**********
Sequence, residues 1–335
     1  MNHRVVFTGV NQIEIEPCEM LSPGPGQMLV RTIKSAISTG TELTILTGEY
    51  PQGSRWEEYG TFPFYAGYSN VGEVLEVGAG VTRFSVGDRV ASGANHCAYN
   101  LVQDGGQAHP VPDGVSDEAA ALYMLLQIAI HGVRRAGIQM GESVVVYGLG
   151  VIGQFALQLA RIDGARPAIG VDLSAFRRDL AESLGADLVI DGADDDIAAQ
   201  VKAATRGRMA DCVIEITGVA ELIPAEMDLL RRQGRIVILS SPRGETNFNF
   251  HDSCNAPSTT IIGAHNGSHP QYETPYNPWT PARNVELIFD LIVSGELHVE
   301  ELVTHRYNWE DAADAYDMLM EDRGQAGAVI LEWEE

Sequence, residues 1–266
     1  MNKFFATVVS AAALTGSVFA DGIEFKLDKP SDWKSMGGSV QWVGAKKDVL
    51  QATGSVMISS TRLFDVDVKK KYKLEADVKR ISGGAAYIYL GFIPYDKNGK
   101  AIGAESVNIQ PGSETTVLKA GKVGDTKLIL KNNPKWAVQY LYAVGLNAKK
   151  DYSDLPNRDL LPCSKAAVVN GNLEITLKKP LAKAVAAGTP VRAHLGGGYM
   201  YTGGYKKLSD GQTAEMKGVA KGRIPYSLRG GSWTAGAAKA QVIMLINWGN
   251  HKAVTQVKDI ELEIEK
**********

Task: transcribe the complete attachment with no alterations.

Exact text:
Sequence, residues 1–335
     1  MNHRVVFTGV NQIEIEPCEM LSPGPGQMLV RTIKSAISTG TELTILTGEY
    51  PQGSRWEEYG TFPFYAGYSN VGEVLEVGAG VTRFSVGDRV ASGANHCAYN
   101  LVQDGGQAHP VPDGVSDEAA ALYMLLQIAI HGVRRAGIQM GESVVVYGLG
   151  VIGQFALQLA RIDGARPAIG VDLSAFRRDL AESLGADLVI DGADDDIAAQ
   201  VKAATRGRMA DCVIEITGVA ELIPAEMDLL RRQGRIVILS SPRGETNFNF
   251  HDSCNAPSTT IIGAHNGSHP QYETPYNPWT PARNVELIFD LIVSGELHVE
   301  ELVTHRYNWE DAADAYDMLM EDRGQAGAVI LEWEE

Sequence, residues 1–266
     1  MNKFFATVVS AAALTGSVFA DGIEFKLDKP SDWKSMGGSV QWVGAKKDVL
    51  QATGSVMISS TRLFDVDVKK KYKLEADVKR ISGGAAYIYL GFIPYDKNGK
   101  AIGAESVNIQ PGSETTVLKA GKVGDTKLIL KNNPKWAVQY LYAVGLNAKK
   151  DYSDLPNRDL LPCSKAAVVN GNLEITLKKP LAKAVAAGTP VRAHLGGGYM
   201  YTGGYKKLSD GQTAEMKGVA KGRIPYSLRG GSWTAGAAKA QVIMLINWGN
   251  HKAVTQVKDI ELEIEK